There are many questions around organ transplants, and bone marrow transplants. For one, the Torah tells us that we are not supposed to mutilate the body, or delay burial. We are also not supposed to put ourselves in unnecessary danger. Yet all of that is overridden by a single principle in Judaism: piku’ah nefesh – preserving life. Jews are obligated to help preserve life above almost everything else. Because of that, most Jewish sources agree that organ transplant and bone marrow transplant are not only acceptable but in fact are positive things.
Judaism holds that life is sacred. Saving a life is one of the highest virtues! Although there are concerns about what happens when someone gives a general consent to be an organ donor (organs might be used for medical research), I would argue that even organs used for medical research are in the service of saving lives.
Bone marrow transplants save lives. Saving lives is the greatest mitzvah, the greatest deed we can ever hope to achieve. We should be encouraging people to sign up in the bone marrow registry. We should encourage everyone who is old enough to give blood, because that too saves lives.
Since saving lives is the highest mitzvah, all other mitzvah opportunities are in second place. This means that if, because of donating an organ, the burial is delayed (it usually is delayed), that delay is not an issue, because saving life is more important.
This is an important question, because it brings out into the open the great life saving opportunities that did not exist many years ago. We have a unique chance to be life savers. There is nothing more holy than that.
What is the Jewish view on bone marrow transplants? What is the opinion on being a Jewish organ donor if Jews are supposed to be buried within 24 hours of death?
Up until a few decades ago, the notion that one’s tissues or organs could become part of another human being’s body and thereby help restore that other person’s health, was considered science fiction. Now, as we know, it is commonplace. But what does Judaism have to say about it?
To take your first question, just think: If, at little risk to your health, it would be possible to take bone marrow from your body to restore someone else’s health and well-being, could there be any doubt that this is praiseworthy?
There’s a very important principle in Jewish law known as “pikuach nefesh.” Pikuach nefesh is the mitzvah (religious obligation) to try to save another’s life, if at all possible. This is considered so important in our tradition that we may violate many other commandments, even very important ones like observing the Sabbath or keeping kosher, to fulfill it. Interestingly, pikuach nefesh originally referred to the act of removing rocks that have fallen on top of another person. This is an activity that would ordinarily be prohibited on Shabbat but which is required if it might save someone’s life. If it’s permissible to move rocks on Shabbat in order to save someone in danger, shouldn’t it be permissible to contribute bone marrow? Assuming that contributing your bone marrow is potentially life-saving, and assuming that there are no risk factors that would counsel your refraining from doing so, it is a highly worthy act to perform.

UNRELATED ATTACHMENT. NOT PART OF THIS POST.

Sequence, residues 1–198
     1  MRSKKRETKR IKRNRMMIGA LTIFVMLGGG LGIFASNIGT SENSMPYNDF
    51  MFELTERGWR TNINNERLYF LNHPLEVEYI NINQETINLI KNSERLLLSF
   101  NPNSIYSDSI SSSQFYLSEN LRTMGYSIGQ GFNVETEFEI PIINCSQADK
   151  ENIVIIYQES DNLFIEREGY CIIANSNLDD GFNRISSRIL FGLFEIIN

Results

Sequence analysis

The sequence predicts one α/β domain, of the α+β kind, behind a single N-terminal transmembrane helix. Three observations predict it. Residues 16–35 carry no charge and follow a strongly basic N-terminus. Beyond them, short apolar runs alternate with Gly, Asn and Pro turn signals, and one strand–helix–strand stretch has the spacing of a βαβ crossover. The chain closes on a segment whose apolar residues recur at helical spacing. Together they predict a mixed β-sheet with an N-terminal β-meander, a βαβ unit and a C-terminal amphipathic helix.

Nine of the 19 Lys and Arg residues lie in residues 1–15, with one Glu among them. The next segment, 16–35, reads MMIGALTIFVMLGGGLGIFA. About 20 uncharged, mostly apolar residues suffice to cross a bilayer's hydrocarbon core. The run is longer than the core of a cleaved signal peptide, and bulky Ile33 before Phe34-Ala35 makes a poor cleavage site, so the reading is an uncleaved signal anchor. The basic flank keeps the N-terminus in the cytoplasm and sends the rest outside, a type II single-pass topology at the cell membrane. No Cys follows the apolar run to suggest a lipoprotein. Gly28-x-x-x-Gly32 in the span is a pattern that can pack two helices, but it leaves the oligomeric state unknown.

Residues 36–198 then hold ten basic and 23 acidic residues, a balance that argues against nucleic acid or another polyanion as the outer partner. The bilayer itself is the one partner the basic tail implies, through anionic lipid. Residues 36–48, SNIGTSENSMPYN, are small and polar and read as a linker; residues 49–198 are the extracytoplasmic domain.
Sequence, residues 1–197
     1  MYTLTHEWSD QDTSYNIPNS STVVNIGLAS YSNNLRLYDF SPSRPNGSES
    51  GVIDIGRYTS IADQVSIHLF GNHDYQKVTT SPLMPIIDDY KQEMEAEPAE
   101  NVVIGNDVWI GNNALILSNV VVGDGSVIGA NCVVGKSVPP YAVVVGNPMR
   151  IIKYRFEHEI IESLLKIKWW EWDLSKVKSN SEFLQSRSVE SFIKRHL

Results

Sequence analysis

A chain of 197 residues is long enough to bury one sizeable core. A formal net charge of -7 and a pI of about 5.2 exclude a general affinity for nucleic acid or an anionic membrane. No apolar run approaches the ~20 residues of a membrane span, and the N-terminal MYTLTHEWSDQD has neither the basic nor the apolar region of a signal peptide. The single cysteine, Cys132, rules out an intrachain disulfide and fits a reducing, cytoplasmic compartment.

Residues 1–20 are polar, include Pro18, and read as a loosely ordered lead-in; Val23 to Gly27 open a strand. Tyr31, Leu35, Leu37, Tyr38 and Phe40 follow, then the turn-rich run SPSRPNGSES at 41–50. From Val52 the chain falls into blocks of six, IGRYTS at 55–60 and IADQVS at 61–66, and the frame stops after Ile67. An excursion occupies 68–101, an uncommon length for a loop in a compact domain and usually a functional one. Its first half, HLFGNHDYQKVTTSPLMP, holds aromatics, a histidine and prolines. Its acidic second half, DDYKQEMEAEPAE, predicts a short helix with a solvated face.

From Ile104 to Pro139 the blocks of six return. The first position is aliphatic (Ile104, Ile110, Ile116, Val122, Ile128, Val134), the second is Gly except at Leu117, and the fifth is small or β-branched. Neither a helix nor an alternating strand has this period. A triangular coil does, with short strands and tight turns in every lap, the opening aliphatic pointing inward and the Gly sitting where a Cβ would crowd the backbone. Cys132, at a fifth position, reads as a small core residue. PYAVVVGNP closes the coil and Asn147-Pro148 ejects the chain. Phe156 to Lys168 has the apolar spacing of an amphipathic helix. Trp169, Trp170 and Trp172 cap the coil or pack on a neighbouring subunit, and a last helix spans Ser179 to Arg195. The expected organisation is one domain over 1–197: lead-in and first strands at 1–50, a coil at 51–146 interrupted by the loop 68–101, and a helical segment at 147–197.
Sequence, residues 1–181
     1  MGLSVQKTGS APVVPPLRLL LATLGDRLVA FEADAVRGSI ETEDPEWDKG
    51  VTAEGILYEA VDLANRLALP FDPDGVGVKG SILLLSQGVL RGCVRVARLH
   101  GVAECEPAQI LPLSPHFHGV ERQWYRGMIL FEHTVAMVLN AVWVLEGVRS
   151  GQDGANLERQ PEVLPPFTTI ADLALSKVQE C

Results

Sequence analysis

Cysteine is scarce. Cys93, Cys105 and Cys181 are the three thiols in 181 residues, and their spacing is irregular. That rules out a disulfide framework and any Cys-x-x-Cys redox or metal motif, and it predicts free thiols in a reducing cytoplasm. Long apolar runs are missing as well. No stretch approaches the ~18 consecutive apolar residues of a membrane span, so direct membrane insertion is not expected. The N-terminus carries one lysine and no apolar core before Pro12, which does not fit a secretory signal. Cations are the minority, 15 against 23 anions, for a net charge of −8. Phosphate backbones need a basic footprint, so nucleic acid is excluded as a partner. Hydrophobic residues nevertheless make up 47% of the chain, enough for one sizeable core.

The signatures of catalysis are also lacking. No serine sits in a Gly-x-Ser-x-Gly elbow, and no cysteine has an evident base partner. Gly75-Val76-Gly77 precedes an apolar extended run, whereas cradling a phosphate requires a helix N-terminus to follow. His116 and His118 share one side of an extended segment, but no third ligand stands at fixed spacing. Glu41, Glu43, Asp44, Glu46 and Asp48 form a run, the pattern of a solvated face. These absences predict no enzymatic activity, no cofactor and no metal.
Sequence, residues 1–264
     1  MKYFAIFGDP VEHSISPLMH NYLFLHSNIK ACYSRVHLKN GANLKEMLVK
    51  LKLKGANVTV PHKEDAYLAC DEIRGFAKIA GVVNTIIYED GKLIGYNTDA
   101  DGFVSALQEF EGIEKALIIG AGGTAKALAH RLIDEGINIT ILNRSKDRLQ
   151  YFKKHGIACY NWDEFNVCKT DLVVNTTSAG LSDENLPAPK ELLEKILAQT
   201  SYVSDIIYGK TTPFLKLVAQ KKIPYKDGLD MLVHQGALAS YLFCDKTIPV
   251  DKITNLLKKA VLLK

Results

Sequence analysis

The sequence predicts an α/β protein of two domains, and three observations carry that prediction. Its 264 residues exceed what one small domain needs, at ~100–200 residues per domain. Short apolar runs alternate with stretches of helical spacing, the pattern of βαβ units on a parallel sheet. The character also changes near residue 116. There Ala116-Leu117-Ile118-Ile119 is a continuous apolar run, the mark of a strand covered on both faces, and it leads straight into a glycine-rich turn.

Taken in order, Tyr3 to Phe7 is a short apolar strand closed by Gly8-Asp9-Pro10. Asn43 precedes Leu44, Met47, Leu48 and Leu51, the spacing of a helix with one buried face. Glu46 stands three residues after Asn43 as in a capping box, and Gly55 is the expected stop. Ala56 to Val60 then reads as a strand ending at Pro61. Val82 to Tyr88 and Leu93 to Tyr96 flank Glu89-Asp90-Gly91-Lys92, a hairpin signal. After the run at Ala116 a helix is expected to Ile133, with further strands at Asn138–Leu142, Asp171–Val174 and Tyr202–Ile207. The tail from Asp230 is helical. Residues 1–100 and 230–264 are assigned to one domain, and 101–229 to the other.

Yes, but what about organ transplants? As you suggest, Jewish law teaches us that the body should be buried soon after death. It’s ordinarily a violation of Jewish law (known as nivul ha-met, the “desecration of the dead”) to tamper with a body by, say, removing an organ. But if that act is done in order to save another’s life (or, by extension, restore that person’s health), then it is permissible. (In fact, it is hard to call it a “desecration” at all.) If, say, a person’s heart, lungs, kidney or liver can continue to live in the body of another human being, then they needn’t be buried with the dead body. Yes, if they are transplanted, those body parts will not be buried with the person in whom they originally resided; but by being transplanted they become part of a new person.
I have met people who have donated organs to others. It is clear to me how profound an act of hesed (lovingkindness) this is. I have also met people who have received organs donated by others. I know how grateful they can be. If it is within your power to donate organs to alleviate another’s suffering or prolong his or her life, I would urge you to consider doing so. If you have any doubts, just take a look at the rather moving video on the home page of the Halachic Organ Donor Society: http://www.hods.org .
What a great question! The answer to this question may range from one movement to the other so I’m going to give you the perspective of a Reform rabbi (because that’s what I am!). Judaism has a very important value called Pikkuach Nefesh, which is the value of saving a life. There is a Jewish teaching that if you save a life, it is as if you have saved the whole world. For that reason, Reform Judaism encourages both bone marrow transplants and being an organ donor. Even though it’s true that Jews are supposed to be buried as soon as possible, a delay of burial in order to allow for the life-saving possibilities of organ donation is allowed.